And that was evidently enough for him to disregard the testimony of men like Sergeant Benjamin Robinson (Colored), Company D, Sixth United States Heavy Artillery, who told of what happened to him and his fellow Union soldiers when they tried to surrender after Forrest’s troops captured Fort Pillow on April 14, 1864.
Given Henry’s love of history, he could not have failed read the report of the Committee on the Conduct of the War, commissioned by the U.S. Senate to investigate the events at Fort Pillow soon as word of the massacre got out. Interviews were conducted at military hospitals in Cairo and Mound City (Illinois), Columbus (Kentucky). Fort Pillow and Memphis and were completed by April 21.
Here is a summary of Robinson’s testimony of what happened after the battle. He is but one of many, and the stories are very consistent:
Two white soldiers standing near him signaled their willingness to surrender by laying their guns on the ground, but got shot anyway. The body of a black soldier who tried to surrender was blown “clear over into the river.”
Then the Confederate soldiers (frequently called “Secesh” by the Union men) shot Robinson and ordered him to walk up the hill toward them.
“They said, ‘Give me your money, you damned nigger.’ I told them I did not have any. ‘Give me your money, or I will blow your brains out.’ Then they told me to lie down, and I laid down, and they stripped everything off me.”
Robison survived overnight, and the next day other Confederates came up from Memphis, took him into custody and loaded him onto a plank with the intention of taking him onboard.
Question. “Were any rebel officers around when the rebels were killing our men?”
Answer. “Yes, sir; lots of them.”
Question. “Did they try to keep their men from killing our men?”
Answer. “I never heard them say so.”
Forrest’s fans (of whom there are many) say he was not responsible for the war crimes committed at Fort Pillow, either because his troops had gotten “out of control,” or because he wasn’t physically present. Sergeant Robinson, a former slave from South Carolina, flattens that argument. Not only was Forrest there, but he boasted to his captives that he had gotten rich selling the likes of them:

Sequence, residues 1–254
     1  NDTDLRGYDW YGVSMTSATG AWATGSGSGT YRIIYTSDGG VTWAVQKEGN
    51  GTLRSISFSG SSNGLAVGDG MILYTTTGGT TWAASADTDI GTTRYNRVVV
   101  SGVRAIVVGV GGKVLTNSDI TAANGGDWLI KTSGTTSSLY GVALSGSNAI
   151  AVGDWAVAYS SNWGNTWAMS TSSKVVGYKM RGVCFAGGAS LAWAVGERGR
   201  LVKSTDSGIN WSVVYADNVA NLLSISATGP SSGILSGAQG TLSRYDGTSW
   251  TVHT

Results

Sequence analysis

“I know General Forrest rode his horse over me three or four times. I did not know him until I heard his men call his name. He said to some negro men there that he knew them; that they had been in his nigger yard in Memphis. He said he was not worth five dollars when he started, and had got rich trading in negroes.”
Robinson was one of about 600 Union soldiers garrisoned at Fort Pillow, along with a sprinkling of officers’ families and local tradespeople (who were allowed to leave before the battle), escaped slaves and “contraband boys” – black children involuntarily impressed into service, many of whom were executed by the Confederates. The casualty counts differ from source to source, but the likeliest tally was 350 killed and mortally wounded, 60 wounded, 164 captured and missing, with black soldiers doing most of the dying.
The Senate investigators moved incredibly fast, interviewing the grievously wounded soldiers in their hospital beds. They submitted their report, complete with photographs of survivors, on April 21, 1864. Read it here.
Anger built in the North (and in Loyalist strongholds like East Tennessee). “Remember Fort Pillow” became a battle cry. And the Lincoln administration recognized a need to take action to protect its black soldiers, and perhaps to rein them in because they were angry, too. War Secretary Edwin Stanton heard enough to convince him that Forrest deserved to die on the gallows as soon as the opportunity arose. Lincoln, whose eyes were forever on the prize of ending the war and reuniting the nation, declined to follow through.
And Forrest survived to become an icon of the Lost Cause to be worshipped by sons of the South like Doug Henry.
Betty Bean is a journalist for Knox and Sevier counties who writes this weekly opinion column, Knox Scene.